HIV/AIDS in the U.S. South: FCAA Talks to SASI’s Carolyn McAllaster

Home to 44% of all people living with HIV/AIDS in the country, the U.S. South is the epicenter of the national epidemic. At the same time, the region receives less than 20 percent of total HIV-related philanthropy for the US. Funders have made significant investments to support organizations working to provide HIV services and/or advocacy in the South. However, only $31 million in HIV-related philanthropy has been directed to the South per year in 2014 and 2015. This is roughly $59 per person living with HIV (PLWHIV) in the region, as compared to $116 per PLWHIV allocated nationally. Far greater resources will be required to support current and emerging leaders in the field, build capacity for organizations based in the region and support intersectional collaborations with broader social justice allies.

For this first in a new blog series focused on the U.S. South, FCAA spoke with Carolyn McAllaster, project director of the Southern HIV/AIDS Strategy Initiative (SASI), an initiative of the Duke Health Justice Clinic, to discuss this challenge and the role data can play in helping to solve it.

Learn  more about the efforts of the FCAA Funder Working Group on the U.S. South. 


What are the challenges facing the U.S. South, particularly the Deep South, with respect to the HIV/AIDS epidemic?

CM: SASI has been documenting the epidemic in the U.S. South for more than five years and the data we have collected is striking; it’s clear that this region is driving the epidemic in the country.

In the nine “Deep South” states,[i] the conditions are even starker. From 2008 to 2013, the nine Deep South states had the highest HIV and AIDS diagnosis rates and numbers in the country[2]. The HIV-related death rate was also highest in the Deep South in 2013. In fact, between 2008 and 2013, 43 percent of all HIV-related deaths in the US were in the Deep South states. The poverty rates in this region are also higher and it has poorer outcomes and infrastructure.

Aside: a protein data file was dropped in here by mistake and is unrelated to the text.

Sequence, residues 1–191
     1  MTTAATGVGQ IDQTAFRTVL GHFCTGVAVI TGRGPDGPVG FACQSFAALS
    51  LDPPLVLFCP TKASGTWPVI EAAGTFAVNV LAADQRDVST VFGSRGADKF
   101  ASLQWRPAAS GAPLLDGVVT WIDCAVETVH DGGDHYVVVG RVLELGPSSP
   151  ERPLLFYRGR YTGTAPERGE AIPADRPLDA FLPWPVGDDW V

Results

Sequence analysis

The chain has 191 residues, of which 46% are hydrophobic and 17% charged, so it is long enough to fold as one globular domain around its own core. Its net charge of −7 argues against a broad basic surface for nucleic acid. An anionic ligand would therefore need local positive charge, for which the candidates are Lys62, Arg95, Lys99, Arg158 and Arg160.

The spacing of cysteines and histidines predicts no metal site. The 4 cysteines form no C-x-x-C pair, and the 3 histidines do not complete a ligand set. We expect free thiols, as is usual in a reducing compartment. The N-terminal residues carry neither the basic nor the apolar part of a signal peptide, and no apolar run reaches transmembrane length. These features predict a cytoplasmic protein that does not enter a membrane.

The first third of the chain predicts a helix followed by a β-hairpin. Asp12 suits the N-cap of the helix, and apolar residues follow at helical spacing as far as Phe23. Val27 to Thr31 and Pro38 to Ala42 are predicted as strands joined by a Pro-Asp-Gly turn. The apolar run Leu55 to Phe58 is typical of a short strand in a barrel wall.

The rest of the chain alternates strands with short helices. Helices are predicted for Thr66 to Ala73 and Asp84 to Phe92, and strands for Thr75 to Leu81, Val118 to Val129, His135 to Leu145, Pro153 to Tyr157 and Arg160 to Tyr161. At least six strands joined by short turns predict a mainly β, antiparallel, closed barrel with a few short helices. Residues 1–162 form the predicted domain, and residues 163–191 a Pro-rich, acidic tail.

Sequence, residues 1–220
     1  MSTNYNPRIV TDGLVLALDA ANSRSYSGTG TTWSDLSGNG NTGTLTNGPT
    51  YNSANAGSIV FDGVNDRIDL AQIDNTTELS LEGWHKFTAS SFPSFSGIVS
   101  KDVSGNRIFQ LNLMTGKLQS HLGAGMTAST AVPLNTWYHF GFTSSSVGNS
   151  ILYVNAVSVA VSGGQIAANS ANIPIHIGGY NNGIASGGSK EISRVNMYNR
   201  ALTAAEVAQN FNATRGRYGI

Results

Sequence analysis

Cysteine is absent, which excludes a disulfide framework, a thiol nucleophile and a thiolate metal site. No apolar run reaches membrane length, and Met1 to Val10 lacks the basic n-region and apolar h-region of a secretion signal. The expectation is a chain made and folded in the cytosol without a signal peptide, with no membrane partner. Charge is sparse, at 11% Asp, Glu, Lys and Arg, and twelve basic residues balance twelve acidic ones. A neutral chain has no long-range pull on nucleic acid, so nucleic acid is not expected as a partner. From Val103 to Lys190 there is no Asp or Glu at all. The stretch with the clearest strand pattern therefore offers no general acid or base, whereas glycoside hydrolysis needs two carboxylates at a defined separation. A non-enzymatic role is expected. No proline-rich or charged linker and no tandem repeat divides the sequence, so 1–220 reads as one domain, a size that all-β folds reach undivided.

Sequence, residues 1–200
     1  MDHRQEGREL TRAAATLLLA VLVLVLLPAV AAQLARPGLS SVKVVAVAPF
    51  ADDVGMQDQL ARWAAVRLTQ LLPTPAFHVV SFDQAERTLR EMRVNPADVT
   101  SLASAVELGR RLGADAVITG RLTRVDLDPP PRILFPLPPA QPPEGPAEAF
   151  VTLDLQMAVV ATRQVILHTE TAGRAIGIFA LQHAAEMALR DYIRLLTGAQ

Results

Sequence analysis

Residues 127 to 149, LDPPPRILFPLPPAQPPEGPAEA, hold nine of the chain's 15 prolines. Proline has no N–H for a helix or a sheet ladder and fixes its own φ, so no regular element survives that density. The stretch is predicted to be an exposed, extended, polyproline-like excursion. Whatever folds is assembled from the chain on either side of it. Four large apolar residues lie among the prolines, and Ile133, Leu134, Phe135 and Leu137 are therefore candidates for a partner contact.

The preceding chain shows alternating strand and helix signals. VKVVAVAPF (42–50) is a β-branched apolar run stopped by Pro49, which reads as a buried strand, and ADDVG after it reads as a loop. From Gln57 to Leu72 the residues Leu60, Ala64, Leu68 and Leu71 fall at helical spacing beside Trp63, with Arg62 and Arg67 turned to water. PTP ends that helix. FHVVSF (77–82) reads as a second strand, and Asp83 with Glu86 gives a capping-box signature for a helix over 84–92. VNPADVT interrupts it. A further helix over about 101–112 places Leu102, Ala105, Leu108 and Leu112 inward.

What are some of the factors driving the epidemic in this region?

CM: One significant factor is stigma. These states are all within the Bible belt and have a legacy of slavery and racism that continues to reverberate. The largest population of those affected by HIV and AIDS are young, gay and bisexual men (MSM), particularly MSM of color. These factors converge to contribute greatly to stigma.

The church, for example, is an extremely important institution in the Deep South. Consider for a minute that the church rejects you because you happen to be HIV positive and gay. Not only are you grappling with the effects of the disease, but the support you have received and the community you have relied upon in the church for your entire life have been taken away as well.


How does the U.S. South fare with respect to federal funding?

CM: When federal funding is distributed using formulas that are based on the number of people living with HIV, the South gets its proportionate share. An example would be CDC flagship funding for state health departments. In those cases, funding follows the epidemic.  The South often gets short changed, however, when funding is discretionary and based on a competitive grant process. Better resourced states often submit more applications that are better written. So on the face of it, maybe it seems appropriate that those states would get higher levels of funding. But many Southern states struggle with poor infrastructure and lack of resources and are unable to successfully compete for funding. Examples of non-formula based funding that has not followed the epidemic are recent CDC direct funding for community-based organizations and Ryan White Part B Supplemental Funding.